The United States and 40 other countries have issued a Joint Declaration calling for the responsible trade of armed unmanned aerial vehicles (UAV).
Named the “Joint Declaration for the Export and Subsequent Use of Armed or Strike-Enabled Unmanned Aerial Vehicles”, the Joint Declaration outlines the following (summarized) principles:
Among the 40 countries to have joined the U.S. in this endeavour, Germany, Italy, South Africa, Sweden, and the United Kingdom could be counted as countries engaged in – or at least capable – of producing armed UAVs in the short and medium-term. Israel, Russia, China, France, Turkey, India, and Pakistan have not (yet) signed onto the Joint Declaration.
Notes & Comments:
The United States had begun proposing to a number of countries the notion of international norms to guide the trade of armed UAVs in September. As evident in the Joint Declaration, these are not binding rules, but broad principles that ought (on the part of the declaring states) to be considered best practices.
Some policymakers hope this could translate into a firmer regulating body (akin to the MTCR), though others are skeptical that such an entity would see sufficient traction considering how profitable the sale of armed UAVs has been for the current market leaders – i.e. China and Israel. The industry analysis firm Avascent projected that the armed UAV market will expand to a volume $1.7 billion U.S. per year by 2024.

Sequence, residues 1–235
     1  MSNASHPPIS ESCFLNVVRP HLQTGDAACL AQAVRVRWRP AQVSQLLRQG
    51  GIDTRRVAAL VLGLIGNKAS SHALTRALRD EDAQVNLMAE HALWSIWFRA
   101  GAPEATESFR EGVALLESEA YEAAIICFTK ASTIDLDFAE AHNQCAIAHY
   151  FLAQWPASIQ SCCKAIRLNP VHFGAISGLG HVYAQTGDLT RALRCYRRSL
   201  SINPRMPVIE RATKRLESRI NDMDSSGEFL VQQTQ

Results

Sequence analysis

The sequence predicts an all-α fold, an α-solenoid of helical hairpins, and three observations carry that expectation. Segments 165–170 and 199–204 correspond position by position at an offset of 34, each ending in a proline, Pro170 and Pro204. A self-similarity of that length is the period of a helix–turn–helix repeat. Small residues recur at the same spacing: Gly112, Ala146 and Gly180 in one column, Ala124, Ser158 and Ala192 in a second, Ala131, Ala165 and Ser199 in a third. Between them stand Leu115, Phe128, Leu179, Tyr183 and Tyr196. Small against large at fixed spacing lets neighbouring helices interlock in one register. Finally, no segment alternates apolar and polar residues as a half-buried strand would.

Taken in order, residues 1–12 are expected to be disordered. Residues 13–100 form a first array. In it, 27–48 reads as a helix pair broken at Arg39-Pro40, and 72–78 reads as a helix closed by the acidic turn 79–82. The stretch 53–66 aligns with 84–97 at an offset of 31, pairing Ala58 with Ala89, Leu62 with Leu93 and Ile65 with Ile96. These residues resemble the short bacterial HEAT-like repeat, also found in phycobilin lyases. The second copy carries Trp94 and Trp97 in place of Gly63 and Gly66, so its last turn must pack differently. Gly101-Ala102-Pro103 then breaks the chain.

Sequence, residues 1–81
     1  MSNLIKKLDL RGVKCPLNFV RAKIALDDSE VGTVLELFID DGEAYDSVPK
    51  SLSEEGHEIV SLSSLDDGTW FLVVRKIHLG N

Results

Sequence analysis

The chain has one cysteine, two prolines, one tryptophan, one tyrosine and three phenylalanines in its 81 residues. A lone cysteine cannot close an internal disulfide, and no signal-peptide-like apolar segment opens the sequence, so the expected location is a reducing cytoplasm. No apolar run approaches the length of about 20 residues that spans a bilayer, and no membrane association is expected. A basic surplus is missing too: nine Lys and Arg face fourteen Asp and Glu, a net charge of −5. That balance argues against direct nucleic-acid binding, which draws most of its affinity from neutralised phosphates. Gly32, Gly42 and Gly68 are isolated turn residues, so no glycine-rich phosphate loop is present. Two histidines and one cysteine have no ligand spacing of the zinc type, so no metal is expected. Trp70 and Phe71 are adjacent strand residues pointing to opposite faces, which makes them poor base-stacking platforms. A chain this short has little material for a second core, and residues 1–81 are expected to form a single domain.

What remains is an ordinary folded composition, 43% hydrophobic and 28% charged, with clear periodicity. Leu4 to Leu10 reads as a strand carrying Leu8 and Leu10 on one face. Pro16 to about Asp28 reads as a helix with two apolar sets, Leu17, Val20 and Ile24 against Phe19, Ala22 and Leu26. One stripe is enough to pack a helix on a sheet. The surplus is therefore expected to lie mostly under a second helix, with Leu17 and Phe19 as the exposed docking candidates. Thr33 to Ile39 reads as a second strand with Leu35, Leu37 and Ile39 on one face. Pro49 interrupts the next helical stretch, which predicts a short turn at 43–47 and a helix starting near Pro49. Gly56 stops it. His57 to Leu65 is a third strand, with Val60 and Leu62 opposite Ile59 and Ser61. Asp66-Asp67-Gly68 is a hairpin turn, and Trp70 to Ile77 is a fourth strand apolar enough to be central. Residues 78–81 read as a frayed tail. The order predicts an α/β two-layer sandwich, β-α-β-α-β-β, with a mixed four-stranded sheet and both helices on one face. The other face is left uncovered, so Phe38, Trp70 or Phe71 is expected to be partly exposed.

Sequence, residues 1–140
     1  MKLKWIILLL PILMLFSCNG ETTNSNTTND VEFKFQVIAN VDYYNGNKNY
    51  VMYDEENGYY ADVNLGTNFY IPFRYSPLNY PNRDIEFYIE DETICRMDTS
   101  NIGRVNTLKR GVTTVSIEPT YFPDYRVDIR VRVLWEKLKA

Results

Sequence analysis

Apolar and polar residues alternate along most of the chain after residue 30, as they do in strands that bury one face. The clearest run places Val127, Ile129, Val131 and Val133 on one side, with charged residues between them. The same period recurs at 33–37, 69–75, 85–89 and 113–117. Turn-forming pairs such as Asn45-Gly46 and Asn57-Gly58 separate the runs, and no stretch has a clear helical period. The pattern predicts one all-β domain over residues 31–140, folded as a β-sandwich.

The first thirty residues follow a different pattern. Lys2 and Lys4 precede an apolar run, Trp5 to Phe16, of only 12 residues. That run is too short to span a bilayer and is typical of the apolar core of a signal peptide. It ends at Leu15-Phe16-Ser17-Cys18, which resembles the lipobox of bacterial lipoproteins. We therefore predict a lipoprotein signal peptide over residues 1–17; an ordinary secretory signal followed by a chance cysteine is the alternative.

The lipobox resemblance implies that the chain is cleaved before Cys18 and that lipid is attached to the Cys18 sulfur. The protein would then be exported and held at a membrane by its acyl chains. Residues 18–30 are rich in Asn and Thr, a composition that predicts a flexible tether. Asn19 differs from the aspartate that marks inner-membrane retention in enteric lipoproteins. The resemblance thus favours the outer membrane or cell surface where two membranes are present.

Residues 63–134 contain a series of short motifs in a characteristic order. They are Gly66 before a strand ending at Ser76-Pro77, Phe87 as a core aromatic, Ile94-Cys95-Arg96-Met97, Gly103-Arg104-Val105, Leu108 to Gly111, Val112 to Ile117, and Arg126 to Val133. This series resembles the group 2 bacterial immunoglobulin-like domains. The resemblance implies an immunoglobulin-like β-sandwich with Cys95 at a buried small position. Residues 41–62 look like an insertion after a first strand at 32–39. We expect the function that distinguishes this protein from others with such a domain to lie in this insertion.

U.S. policymakers and industry players are hopeful the Joint Declaration and the subsequent potential for a standardized set of trade rules would provide a strong entry point for the U.S. UAV industry (Aviation Week). However, the reality of armed drone exports today is that the bulk of buyers are not only engaged in contentious counterinsurgency (COIN) operations, but the vast majority of them would not readily pass in terms of the human rights standards a firm body would require of them. For example, Saudi Arabia is among China’s leading armed drone buyers.
The incentive for the likes of China or Russia to enter into such an agreement is, at best, minimal. However, as with the MTCR, the U.S. may be able to pull a large number of other adherents by offering favourable concessions in exchange for tighter trade controls. India, for example, could conceivably further its own UAV programs (especially in possible beyond-line-of-sight applications) if it abides by an MTCR-like UAV trade body.